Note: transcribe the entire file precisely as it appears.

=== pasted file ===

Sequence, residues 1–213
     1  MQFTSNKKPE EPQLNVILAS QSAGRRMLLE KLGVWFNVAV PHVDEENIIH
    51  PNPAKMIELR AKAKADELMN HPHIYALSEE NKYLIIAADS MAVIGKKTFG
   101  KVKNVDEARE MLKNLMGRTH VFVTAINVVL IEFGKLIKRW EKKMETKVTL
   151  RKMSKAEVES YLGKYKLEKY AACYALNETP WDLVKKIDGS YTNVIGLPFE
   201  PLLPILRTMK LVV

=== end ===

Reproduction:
Sequence, residues 1–213
     1  MQFTSNKKPE EPQLNVILAS QSAGRRMLLE KLGVWFNVAV PHVDEENIIH
    51  PNPAKMIELR AKAKADELMN HPHIYALSEE NKYLIIAADS MAVIGKKTFG
   101  KVKNVDEARE MLKNLMGRTH VFVTAINVVL IEFGKLIKRW EKKMETKVTL
   151  RKMSKAEVES YLGKYKLEKY AACYALNETP WDLVKKIDGS YTNVIGLPFE
   201  PLLPILRTMK LVV